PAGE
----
Rep. Pete King Calls for FBI Probe of Al Qaeda Leaks
Rep. Pete King, the chairman of the House committee on Homeland Security, wrote FBI Director Robert S. Mueller III today to formally request that the bureau launch a comprehensive investigation into leaks of detailed and highly classified information about an international anti-terror operation involving al Qaeda in the Arabian Peninsula earlier this month.
In the letter to Mueller, King deduces that "the leak would have to have emanated from a small universe," considering "this intelligence matter was handled in the most restricted manner." In a breach of this magnitude, King demanded that the investigation "must encompass everyone who had access to this vital information."
Last week, Mueller testified before Congress that the FBI is already investigating leaks to the news media about the recently disrupted plot by a l Qaeda's Yemen affiliate, also known as AQAP, to smuggle a bomb designed to be concealed in underwear onto a U.S. bound jet.
Reached in a phone call Monday, King told ABC News that Congress was left in the dark about the operation, which he called "almost unprecedented," but he suggested that would help narrow the possibilities of who could have disclosed the classified information.
"Nobody in Congress knew about it, so we start off with that," King, R-N.Y., told ABC News Monday morning. "Even the Speaker of the House [John Boehner] didn't know about it. It's almost unprecedented. Even with [Osama] bin Laden, my understanding is certain members of Congress were told about it months in advance, the killing of bin Laden, and I know the speaker is generally briefed on critical intelligence on a regular basis…but in this case no one was briefed."
"I have no idea where it's coming from," he confessed. "It had to be somebody who knew the entire situation, and again it's a very small universe."
The leaks, first disclosed by the Associated Press May 7, revealed that CIA, along with Britain's MI-6 secret intelligence service and Saudi Arabian intelligence assets, apparently used a double agent to disrupt the plot by infiltrating the organization, posing as a suicide bomber, and then delivering the bomb to intelligence agents instead of carrying the device onto a U.S.-bound plane.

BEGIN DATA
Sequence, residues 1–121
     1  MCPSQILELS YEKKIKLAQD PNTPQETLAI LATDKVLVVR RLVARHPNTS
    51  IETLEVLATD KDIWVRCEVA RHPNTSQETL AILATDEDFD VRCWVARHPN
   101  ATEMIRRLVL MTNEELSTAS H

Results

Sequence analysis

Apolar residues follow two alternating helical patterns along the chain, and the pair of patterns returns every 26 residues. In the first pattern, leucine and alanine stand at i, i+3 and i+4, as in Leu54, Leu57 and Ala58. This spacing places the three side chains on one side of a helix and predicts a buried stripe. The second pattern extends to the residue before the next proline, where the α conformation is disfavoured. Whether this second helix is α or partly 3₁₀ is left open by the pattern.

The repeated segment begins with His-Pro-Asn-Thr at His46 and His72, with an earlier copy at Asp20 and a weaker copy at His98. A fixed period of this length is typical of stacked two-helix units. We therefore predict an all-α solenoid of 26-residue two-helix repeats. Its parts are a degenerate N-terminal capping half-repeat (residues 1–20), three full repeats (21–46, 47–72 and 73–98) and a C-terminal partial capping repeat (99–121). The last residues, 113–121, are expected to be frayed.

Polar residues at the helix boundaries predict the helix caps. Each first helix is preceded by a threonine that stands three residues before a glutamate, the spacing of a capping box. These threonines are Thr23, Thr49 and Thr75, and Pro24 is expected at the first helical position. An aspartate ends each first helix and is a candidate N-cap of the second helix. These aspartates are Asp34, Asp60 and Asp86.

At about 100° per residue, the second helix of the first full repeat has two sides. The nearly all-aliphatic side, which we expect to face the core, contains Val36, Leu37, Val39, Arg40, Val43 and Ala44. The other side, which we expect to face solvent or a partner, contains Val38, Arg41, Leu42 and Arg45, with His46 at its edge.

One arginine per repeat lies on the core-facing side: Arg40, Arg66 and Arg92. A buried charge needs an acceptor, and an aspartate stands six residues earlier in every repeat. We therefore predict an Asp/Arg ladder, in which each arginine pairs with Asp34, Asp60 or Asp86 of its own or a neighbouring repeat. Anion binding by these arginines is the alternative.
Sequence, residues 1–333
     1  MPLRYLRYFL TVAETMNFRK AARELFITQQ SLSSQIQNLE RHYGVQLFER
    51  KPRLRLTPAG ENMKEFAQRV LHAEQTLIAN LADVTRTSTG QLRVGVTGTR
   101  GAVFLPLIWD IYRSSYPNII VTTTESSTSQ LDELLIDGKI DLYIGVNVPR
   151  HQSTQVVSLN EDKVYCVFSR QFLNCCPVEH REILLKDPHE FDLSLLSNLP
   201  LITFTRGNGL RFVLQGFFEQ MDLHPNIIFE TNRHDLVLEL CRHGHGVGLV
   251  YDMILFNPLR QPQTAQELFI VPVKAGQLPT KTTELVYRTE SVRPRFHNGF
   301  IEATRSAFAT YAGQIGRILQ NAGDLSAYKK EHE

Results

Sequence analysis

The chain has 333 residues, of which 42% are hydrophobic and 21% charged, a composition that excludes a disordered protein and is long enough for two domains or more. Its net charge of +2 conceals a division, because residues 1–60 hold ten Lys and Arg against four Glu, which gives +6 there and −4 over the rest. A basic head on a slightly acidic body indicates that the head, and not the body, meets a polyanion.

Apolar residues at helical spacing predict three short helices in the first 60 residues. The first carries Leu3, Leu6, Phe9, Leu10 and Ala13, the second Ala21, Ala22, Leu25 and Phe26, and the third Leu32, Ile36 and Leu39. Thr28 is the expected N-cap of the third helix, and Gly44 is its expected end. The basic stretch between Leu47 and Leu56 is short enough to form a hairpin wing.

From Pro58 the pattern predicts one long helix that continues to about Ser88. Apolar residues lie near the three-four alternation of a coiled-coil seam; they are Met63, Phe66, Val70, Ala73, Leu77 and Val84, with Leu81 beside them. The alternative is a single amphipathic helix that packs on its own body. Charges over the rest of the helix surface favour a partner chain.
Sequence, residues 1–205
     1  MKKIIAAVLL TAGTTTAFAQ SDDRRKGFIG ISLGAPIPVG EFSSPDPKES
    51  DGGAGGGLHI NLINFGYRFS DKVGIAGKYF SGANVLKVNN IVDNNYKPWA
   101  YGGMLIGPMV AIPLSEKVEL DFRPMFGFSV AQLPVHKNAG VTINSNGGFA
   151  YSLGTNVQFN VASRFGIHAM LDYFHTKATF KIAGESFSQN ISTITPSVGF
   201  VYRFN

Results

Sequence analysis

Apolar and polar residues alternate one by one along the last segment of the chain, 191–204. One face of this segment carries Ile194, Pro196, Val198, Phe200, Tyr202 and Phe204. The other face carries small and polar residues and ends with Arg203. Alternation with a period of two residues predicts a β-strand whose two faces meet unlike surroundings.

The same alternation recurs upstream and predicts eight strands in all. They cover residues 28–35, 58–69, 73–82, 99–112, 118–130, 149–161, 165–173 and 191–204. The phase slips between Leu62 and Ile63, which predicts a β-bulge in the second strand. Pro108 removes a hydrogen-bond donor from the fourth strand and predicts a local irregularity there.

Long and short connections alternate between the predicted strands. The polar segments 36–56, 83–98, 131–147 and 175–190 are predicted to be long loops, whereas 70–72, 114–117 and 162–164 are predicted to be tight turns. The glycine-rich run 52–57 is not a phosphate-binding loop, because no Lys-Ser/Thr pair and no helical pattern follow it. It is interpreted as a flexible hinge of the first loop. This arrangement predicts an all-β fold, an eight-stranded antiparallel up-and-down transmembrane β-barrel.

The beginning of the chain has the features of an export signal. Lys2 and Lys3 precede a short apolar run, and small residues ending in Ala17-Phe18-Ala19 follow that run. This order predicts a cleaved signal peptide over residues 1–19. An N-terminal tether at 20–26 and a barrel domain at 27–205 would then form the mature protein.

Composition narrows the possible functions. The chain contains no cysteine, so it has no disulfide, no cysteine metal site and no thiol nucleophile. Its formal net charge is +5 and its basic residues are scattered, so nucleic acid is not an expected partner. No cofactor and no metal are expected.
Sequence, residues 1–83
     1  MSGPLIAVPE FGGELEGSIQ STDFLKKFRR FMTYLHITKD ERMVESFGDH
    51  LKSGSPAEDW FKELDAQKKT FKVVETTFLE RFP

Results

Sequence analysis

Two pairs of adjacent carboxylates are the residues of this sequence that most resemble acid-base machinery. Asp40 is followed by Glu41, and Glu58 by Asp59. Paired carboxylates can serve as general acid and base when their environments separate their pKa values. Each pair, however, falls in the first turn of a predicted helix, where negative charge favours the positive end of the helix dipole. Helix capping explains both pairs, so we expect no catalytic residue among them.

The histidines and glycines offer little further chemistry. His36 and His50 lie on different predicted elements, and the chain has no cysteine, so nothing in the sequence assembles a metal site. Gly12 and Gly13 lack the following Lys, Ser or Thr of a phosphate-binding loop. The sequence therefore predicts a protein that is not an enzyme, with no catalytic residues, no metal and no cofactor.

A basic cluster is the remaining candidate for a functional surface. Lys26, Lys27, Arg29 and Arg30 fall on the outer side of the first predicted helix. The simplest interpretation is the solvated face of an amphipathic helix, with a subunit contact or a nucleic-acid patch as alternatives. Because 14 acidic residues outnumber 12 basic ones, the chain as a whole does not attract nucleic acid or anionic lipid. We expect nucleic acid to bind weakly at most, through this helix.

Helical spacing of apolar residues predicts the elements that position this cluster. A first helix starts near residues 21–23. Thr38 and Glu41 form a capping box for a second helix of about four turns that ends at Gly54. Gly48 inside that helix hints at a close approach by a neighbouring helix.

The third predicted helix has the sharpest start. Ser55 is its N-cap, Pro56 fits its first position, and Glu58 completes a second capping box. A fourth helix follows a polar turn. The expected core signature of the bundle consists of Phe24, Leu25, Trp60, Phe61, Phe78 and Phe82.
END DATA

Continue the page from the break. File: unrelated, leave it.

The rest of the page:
In his letter today, King also requests that the scope of the FBI's inquiry encompass "the Intelligence Community, the Department of Defense, the Department of Homeland Security, federal law enforcement and the White House, including the National Security staff." He also asks the FBI to investigate whether the lives of "a unique intelligence source" and others may have been jeopardized, to examine whether the operation had to be aborted before its potential was maximized or whether critical intelligence relationships have been damaged as a result of the leaks.
"This [mole] was such a really unprecedented penetration - a very rare penetration of al Qaeda and al Qaeda in the Arabian Peninsula," King said. "This really was criminal, and I use the term criminal, but this really was. To put the source at risk, to force the aborting of the operation, to preventing us getting more information than we would have gotten, but also to create real distress with partners that we were involved with in this operation."
"Ultimately there could have been a way found to get him out…to create a situation where he doesn't necessarily have to blow his cover," he added. "Certainly the allies using him and others had not decided at all to admit that they had a source in there. You could have had cover stories, you could have had something done…there could have been ways to have extricated that person without giving up his identity."
The FBI's ongoing investigation is likely being run by the Justice Department's counterespionage section and agents from the FBI's Washington Field Office. The Office of the Director of National Intelligence is also conducting a separate review with the DNI's general counsel to see if the leaks originated in any of the 16 agencies that DNI James Clapper oversees.
King said he is unlikely to schedule his own hearings at the Homeland Security committee, but he also sits on the Intelligence committee, where he predicted the first hearings could occur.
"[House Intelligence chairman Mike Rogers] is very concerned about this and because of the security level, because of the classifications, it's right now I think more appropriate that the intelligence committee do it," King said. "It's right now I think more appropriate that the intelligence committee do it. I don't want to be getting in their way, I don't want to be duplicating hearings for the sake of duplication here."
ABC News' Jason Ryan contributed to this report